Perhaps, the most defining characteristic of this word is that it is not recognized as a valid Scrabble game word!  That about seals it!  Ishkabibble  is not an accepted word, it has no definition, no place of origin, no meaning,  means nothing and  yet, remains in use.  Imagine, not good enough to be accepted by Scrabble.  Still, I find it a marvelous word and I am happy that it still lives.

My most recent occasion to use the word occurred  just a couple of years ago.  A fishing friend and I had the good fortune to fish two spectacular trout streams, taken to them by a Canadian friend who had access and was intimately familiar with both of them.   I gave my word that I would not give them up, never speak their names aloud.

Being a rather chatty character, I realized that it would take Draconian self discipline not to divulge the names of these rivers, by accident or otherwise in some future conversation.  I solved the problem by assigning them pseudo  names, names that would protect their actual identities.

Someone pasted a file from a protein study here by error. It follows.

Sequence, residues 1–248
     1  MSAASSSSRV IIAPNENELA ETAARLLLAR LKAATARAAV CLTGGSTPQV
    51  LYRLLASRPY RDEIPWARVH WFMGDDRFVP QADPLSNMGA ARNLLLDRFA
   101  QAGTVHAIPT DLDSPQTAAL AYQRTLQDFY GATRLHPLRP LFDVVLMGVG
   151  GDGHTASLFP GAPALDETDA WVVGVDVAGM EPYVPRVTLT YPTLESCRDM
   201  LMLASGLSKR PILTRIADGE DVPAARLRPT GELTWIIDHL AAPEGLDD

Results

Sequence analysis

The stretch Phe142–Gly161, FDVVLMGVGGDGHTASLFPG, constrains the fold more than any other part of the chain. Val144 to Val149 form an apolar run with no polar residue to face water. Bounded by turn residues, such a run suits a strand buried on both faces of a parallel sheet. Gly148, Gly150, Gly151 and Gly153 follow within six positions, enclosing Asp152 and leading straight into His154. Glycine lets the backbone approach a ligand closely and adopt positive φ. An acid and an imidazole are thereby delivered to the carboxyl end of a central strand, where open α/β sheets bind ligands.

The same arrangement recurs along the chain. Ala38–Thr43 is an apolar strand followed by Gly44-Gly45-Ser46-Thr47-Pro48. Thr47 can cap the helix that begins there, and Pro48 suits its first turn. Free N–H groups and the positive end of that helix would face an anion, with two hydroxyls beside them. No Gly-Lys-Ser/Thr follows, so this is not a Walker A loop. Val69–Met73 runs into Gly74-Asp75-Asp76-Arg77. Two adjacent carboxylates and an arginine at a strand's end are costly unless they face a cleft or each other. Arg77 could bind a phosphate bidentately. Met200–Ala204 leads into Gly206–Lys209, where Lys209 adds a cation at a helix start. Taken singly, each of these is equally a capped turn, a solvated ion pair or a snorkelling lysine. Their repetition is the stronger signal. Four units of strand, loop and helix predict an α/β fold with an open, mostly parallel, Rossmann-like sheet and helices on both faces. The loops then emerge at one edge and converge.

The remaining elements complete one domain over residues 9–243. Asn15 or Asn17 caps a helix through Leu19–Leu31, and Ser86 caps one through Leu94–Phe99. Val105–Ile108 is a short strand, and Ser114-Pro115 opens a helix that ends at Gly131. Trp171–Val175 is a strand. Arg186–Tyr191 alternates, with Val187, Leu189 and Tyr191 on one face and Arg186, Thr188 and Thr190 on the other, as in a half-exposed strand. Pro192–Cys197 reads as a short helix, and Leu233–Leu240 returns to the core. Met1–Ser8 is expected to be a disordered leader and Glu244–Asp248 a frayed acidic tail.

The first I name the  Ishkabibble.  It was too perfect.   For the second stream, I chose Sparnfarkle as my substitute name.  It is a German word.   At least in central Wisconsin it is.  Sparnsfarkle is a large  party-sized BBQ on wheels, usually hired to cater a  lawn party or large family gathering.  The one I attended, where I learned the word,  came with a cooked-to-perfection  pig,  complete with apple in mouth.   The trailer had its own serving sideboard and the owner carved and served the pig.  Outrageously good pork, and quite an impressive operation was this Sparnfarkle.

 I have spoken about these to magnificent trout streams many times to fly fishers and others without ever having broken my promise to never reveal their names.   By giving each a substitute name, I have succeeded in protecting them by hiding them in plain sight.  And with their unique pseudo names, it is unlikely that I will ever  forget them or the great fishing I shared on them with good friends.

Monday, March 20, 2017




I have been busy doing household chores.  I have dusted our 20' beamed living room ceiling with my own  concocted apparatus.  It removes otherwise unreachable spider webs from  the rough-sawn, planked under side of the ceiling and the support beams.   It negates having to use scaffolding, saving time, money, and huge inconvenience.  I also use this rig to remove lint buildup  in our clothes dryer vent pipe.   Cleaning the vent from the roof reduces the chance of inline fires and keeps the dryer operating efficiently, saving time and money.